Wednesday, August 21, 2019

Democrat senators go after SCOTUS in amicus brief

It is rare that an amicus brief filed in a Supreme Court case is characterized as both a brassy reality check and unprecedented political bullying, reports the Washington Post
But such is the controversy that Sen. Sheldon Whitehouse (D-R.I.) and four other Democratic senators have ignited with a filing that instructs the Supreme Court to either drop a New York gun case it has accepted for the coming term or face a public reckoning.
 “The Supreme Court is not well. And the people know it,” writes Whitehouse, who is listed as the attorney of record on the friend-of-the-court brief. “Perhaps the Court can heal itself before the public demands it be ‘restructured in order to reduce the influence of politics.’ ” The phrase is from a poll question with which a majority of Americans agreed.
Democratic Sens. Mazie Hirono (Hawaii), Richard Blumenthal (Conn.) Richard J. Durbin (Ill.) and Kirsten Gillibrand (N.Y.) joined the incendiary brief, which questions whether the court’s conservative majority — nominated by three Republican presidents — is motivated by partisan intent and is in the pocket of the National Rifle Association and the Federalist Society, a conservative legal group.
“Out in the real world, Americans are murdered each day with firearms in classrooms or movie theaters or churches or city streets, and a generation of preschoolers is being trained in active-shooter survival drills,” Whitehouse writes. “In the cloistered confines of this Court, and notwithstanding the public imperatives of these massacres, the NRA and its allies brashly presume, in word and deed, that they have a friendly audience for their ‘project.’ ”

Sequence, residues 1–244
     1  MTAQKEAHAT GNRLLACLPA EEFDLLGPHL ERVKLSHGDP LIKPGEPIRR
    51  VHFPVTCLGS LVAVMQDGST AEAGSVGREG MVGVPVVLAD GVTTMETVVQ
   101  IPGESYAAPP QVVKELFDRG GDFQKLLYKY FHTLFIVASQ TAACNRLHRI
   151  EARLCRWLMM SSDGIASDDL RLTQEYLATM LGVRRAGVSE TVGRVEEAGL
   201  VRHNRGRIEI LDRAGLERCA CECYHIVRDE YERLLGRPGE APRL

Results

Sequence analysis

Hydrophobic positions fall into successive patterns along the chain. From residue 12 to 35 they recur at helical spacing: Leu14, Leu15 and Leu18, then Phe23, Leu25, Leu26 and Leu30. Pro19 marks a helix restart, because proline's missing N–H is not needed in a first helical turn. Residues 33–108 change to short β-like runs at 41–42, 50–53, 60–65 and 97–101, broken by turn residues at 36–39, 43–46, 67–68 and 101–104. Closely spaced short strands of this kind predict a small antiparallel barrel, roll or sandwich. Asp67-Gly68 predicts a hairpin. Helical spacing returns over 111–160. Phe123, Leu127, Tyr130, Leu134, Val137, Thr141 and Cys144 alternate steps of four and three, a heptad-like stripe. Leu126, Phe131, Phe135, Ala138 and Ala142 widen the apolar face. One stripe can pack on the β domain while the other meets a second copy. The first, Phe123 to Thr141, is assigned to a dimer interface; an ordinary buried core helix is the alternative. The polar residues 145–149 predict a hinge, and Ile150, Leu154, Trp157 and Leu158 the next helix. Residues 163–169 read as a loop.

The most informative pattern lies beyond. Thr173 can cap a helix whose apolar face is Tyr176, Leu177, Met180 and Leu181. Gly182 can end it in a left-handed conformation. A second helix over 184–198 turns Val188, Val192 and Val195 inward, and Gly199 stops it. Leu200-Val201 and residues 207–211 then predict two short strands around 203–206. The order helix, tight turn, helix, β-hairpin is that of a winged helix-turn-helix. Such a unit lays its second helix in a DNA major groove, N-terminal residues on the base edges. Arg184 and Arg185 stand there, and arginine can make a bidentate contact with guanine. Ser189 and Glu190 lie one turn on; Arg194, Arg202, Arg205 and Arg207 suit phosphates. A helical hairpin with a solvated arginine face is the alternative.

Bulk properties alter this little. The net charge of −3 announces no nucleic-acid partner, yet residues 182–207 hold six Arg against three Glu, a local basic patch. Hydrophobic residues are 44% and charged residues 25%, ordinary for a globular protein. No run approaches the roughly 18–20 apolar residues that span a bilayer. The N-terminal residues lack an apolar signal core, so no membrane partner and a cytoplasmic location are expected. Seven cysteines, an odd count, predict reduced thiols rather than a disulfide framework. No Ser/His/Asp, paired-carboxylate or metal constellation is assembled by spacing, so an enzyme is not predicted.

The brief has lit up the right. Senate Judiciary Committee Chairman Lindsey O. Graham (R-S.C.) called it an extraordinary threat from one branch of government to another and tweeted: “Packing the Supreme Court . . . Bad idea. Liberal dream. Trump’s 3rd term is looking better and better.”
The Wall Street Journal editorial board dubbed it the opposite of an amicus filing — an “enemy-of-the-court brief” — and the National Review’s David French called it “astonishing.”
“It is easily the most malicious Supreme Court brief I’ve ever seen,” he wrote. “And it comes not from an angry or unhinged private citizen, but from five Democratic members of the United States Senate.”
In an interview, Whitehouse was unapologetic, saying he was cautioning the court, not threatening it.
“In the same way that you might warn somebody walking out on thin ice — ‘Hey, the ice is thin out there, you want to be careful, maybe you want to come in’ — I think that was the motivation for filing this brief,” said the former U.S. attorney and state attorney general.
“To warn the court that it already has its reputation in some degree of trouble . . . it’s getting to the danger that they might fall through the ice.”
The Supreme Court in January said it would hear New York State Rifle & Pistol Association v. City of New York, a case involving some unique-to-New-York restrictions on how gun owners with permits may transport their weapons. The rules were so strict that they forbade taking an unloaded weapon to a firing range outside the city or to a permit-holder’s second home within the state.
It is the first Second Amendment case the court has accepted in a decade, and it came after the NRA-endorsed Justice Brett M. Kavanaugh replaced the more moderate Justice Anthony M. Kennedy on the closely divided court. Gun-control advocates worried that the case would provide a chance for the new majority to establish a right to carry a weapon outside the home, or impose heightened judicial scrutiny on gun control laws.
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